Tuesday, July 12, 2011

Kraken by China Mieville

This book is an unreadable mess, a fascinating, memorable, unreadable mess. I really wanted to like it: it’s got much of what I look for in fiction: a clever, original plot, complex characters, challenging language. But it’s so overwritten, and Mieville is so enamored of his own ideas that it just grinds to a halt about half way through, brought down by the weight of all its excess baggage.

Mieville writes slipstream fiction--stories that straddle the boundary between realism and fantasy, and in Mieville's case that eschew traditional science fiction and fantasy tropes like robots and vampires.

Kraken is about a formaldehyde-preserved giant squid (architeuthis) that goes missing from the British Museum, and Billy, a museum curator who goes on a quest to find out what happened to it. But really, (as Sarah Lyall, writing in the New York Times says), that is like saying that King Lear is about property rights. Kraken is about a secret squid-worshipping religious cult; Kraken is about an urban army of sorcerers with their own reasons for wanting the squid (and the internecine warfare that erupts over who controls the squid); Kraken is about an obscure branch of the London police force dedicated to tracking the movements of the magical underworld.

But in his enthusiasm for introducing us to all these different actors and subplots, Mieville loses all forward momentum. The book ceases to be about where the squid went and just becomes about all this other extraneous flash. For pages and pages, Billy wanders around London with Dane, former member of the squid cult, and they encounter all these other weird folk and mysterious events, but they hardly find out anything at all about who might have the squid. And eventually, I just grew tired of all the smoke and mirrors and I couldn’t keep track of who was whom, and who might want the squid or not, and it just didn’t matter anymore. Mieville lost me, and I couldn’t finish the book.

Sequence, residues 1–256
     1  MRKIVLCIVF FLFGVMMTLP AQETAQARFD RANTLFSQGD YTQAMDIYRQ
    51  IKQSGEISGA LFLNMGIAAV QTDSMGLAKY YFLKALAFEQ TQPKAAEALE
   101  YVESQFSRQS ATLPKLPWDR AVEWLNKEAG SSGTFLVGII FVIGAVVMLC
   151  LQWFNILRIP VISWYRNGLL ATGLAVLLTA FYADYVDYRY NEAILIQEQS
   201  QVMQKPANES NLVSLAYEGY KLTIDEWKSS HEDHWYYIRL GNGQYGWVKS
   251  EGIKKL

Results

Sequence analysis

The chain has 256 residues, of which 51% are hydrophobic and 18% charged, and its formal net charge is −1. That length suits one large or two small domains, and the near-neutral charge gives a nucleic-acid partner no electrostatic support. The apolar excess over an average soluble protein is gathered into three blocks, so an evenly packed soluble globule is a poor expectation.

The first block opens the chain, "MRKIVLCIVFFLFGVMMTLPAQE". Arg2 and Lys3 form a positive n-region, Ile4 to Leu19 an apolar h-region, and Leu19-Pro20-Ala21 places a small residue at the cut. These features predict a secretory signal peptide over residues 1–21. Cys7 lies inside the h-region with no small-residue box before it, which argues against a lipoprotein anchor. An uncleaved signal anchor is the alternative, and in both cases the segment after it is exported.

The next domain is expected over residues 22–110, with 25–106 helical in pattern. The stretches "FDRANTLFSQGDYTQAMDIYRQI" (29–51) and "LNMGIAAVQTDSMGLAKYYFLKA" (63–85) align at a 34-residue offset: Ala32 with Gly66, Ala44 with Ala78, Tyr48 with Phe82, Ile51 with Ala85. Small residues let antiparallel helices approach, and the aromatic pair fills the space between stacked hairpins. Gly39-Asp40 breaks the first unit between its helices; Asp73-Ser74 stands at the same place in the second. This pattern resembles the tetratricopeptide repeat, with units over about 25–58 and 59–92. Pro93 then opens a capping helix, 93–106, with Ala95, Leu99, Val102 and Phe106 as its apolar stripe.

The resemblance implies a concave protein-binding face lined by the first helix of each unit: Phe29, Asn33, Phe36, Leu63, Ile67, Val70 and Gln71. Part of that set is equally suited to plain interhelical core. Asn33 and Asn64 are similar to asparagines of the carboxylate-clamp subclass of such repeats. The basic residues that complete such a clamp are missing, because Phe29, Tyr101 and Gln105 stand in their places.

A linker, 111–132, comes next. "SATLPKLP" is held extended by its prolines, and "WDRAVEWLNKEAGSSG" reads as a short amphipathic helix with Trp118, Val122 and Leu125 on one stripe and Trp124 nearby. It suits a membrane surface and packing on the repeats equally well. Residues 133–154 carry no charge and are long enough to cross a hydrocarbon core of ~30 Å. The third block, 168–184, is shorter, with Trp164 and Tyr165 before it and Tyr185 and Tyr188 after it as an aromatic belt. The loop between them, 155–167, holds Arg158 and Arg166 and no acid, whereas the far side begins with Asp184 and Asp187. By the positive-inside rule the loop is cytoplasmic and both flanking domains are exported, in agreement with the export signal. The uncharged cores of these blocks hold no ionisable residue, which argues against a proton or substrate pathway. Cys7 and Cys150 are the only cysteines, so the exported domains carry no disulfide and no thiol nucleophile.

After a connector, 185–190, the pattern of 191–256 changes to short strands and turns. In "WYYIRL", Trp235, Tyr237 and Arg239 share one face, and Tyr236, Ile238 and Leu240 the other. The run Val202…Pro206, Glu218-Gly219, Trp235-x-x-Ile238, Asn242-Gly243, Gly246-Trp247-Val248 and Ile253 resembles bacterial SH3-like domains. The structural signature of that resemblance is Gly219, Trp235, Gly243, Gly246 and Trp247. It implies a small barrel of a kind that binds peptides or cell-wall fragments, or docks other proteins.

Okay but here is the really really strange part. One way to track the activities of the underground sorcerers’ mafia is to read the graffiti in sketchy neighborhoods. This morning I saw this new tag on a wall across the street from my office. I swear I am not making this up. What does it mean? Why is it there? What is going on?

Corner W. Johnson & Brooks St., Madison, WI 7-11-11

ETA: Here is another one, spotted a few blocks from the first one, a few weeks later.

Corner E. Johnson St. and Frances St., Madison, WI 8-1-11

(Book 20, 2011)


Debora said...

Wow, that is strange! Maybe call in the help of Mieville ;-)?

Anonymous said...

That is SO peculiar - certainly makes your review very interesting, d'you think someone who has read the book did it?

LINDA from Each Little World said...

It is hard enough to follow the story in your short version; can't imagine trying to read it. And I really can't quite picture giant squid as topic of interest to me. But I love the serendipity of the strange graffiti!

Legends of Dune said...

The book sounds very complicated, but I like books that also happen to be a challenge for my concentration.


Roy said...

Great sharee

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